8 reasons to visit the Yukon region
The Yukon Territory which is located at the border with the region of Alaska in northwest Canada, is one of the least densely populated regions in the continent. This wild, scarcely populated territory is very attractive to both locals and foreigners who go to the region annually.
Mountains, valleys, lakes, glaciers, deserts, forests… Yukon has everything you could want to explore nature. Moreover, the inhabitants of the region are very friendly, open to getting to know new people and interested in their culture.
The name Yukon comes from the local aboriginal language and means “big river”. As well as being known for being the scene of the Klondike gold fever in the 19th century, the area is also known in the country for its historical, cultural and ecological wealth. The capital city is Whitehorse, which is situated south of the River Yukon. This will be the starting point of your adventure to discover this region so close to the Artic.
If you are searching for peace and tranquillity and want to live surrounded by real nature with no human interaction, Yukon is the perfect place for you. If you are interested in travelling to this destination, please remember to obtain your electronic travel permit beforehand, i.e. ETA Visa or ETA Canada.
If you are still not convinced after this brief introduction, here are eight reasons to go to Yukon:
The variety of scenery in the Yukon Territory is perfect for all types of sporting activities and adventures. You don’t need to go too far away from Whitehorse to get your adrenalin shot. For example:
- Dogs sleds
- Ice fishing
2. Wildlife and the conservation of species
For those of you who really want to experience life in the wild, Yukon is the perfect place. The Yukon Wildlife Preserve is the home to many indigenous species such as: bison, elks, muskox and caribous among other mammals. Moreover, you can bird spot, especially crows (the territory’s official bird) and eagles.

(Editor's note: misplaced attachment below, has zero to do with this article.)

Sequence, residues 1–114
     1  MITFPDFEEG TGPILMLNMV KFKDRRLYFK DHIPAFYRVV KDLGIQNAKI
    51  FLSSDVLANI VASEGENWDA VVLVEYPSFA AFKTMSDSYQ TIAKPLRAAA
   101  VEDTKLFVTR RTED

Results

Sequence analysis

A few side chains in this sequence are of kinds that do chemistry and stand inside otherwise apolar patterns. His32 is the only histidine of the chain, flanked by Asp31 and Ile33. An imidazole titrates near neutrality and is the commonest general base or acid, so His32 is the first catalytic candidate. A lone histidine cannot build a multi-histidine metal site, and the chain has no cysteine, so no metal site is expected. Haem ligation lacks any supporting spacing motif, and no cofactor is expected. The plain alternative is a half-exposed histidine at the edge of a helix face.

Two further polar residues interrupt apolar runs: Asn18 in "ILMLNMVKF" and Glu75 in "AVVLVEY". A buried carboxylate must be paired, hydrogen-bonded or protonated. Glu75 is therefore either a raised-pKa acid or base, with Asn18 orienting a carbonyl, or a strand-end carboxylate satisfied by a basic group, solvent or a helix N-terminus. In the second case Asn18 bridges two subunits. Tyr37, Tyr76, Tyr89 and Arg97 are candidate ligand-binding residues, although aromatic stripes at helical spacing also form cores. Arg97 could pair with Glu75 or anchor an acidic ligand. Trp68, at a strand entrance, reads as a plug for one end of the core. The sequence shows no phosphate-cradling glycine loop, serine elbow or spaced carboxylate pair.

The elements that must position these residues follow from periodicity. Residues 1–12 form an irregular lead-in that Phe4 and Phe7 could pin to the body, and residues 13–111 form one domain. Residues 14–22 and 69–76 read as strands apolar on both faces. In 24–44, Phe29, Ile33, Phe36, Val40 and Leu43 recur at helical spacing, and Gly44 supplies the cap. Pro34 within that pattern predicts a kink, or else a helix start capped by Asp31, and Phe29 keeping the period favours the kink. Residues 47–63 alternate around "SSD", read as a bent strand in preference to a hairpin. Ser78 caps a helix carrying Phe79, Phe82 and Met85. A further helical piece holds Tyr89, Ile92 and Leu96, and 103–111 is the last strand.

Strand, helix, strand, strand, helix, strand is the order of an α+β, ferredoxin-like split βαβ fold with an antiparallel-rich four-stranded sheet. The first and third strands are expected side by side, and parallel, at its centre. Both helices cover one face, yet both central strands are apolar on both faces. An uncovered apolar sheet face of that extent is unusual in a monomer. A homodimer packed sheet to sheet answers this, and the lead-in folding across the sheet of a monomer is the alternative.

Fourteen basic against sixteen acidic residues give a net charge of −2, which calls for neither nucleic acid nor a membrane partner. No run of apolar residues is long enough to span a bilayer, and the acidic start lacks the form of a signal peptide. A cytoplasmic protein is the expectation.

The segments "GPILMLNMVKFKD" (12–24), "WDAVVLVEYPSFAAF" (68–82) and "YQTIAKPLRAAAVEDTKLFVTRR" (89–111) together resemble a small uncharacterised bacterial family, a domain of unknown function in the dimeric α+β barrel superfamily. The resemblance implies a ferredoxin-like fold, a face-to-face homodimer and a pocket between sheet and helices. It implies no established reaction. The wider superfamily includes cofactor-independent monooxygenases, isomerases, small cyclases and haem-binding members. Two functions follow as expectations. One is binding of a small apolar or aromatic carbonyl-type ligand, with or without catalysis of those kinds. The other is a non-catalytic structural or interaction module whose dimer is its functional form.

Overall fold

Don’t be surprised if you come across elks, squirrels or foxes, since they wander around the landscape close to civilisation looking for food.
3. Aurora borealis
In Canada’s most northerly point, there is no excuse for missing the celestial show of the aurora borealis. It is more likely to experience this phenomenon in the summer. Tourists generally meet up in Whitehorse for tours to see the aurora borealis. Less than 10 minutes away from the light pollution of the city, the aurora borealis can be seen perfectly. .
4. Emerald Lake
This beautiful lake in the south of Yukon is famous for its intense green colour. This colour comes from the light reflecting on marl deposits (grey rocks made from calcium carbonate and clay) on the floor of the deep waters. You can get there by the South Klondike road near Alaska.
5. The Carcross Desert
Known as the world’s smallest desert, the Carcross Desert has a surprisingly humid climate. Technically, this desert is only made up of large sand dunes from extinct glacial lakes, which are conserved by the action of the wind on the sands of Lake Bennett. The locals go to the desert to practice sandboarding, drive ATVs, etc.
6. Takhini Hot Springs
There is no better way to relax than in the thermal, mineral-rich waters of the Takhini Springs, which are just outside Whitehorse.
7. Conservation of the aboriginal culture
A quarter of Yukon’s population has indigenous aboriginal ancestry. They maintain the culture and traditions of this region, which acted as a bridge between Alaska and Siberia, in order to bring the humans to America in the last Ice Age.
Due its wealth of culture, Yukon has a lot of museums on offer. Some examples include the Yukon Transportation Museum and the Yukon Beringia Interpretive Centre.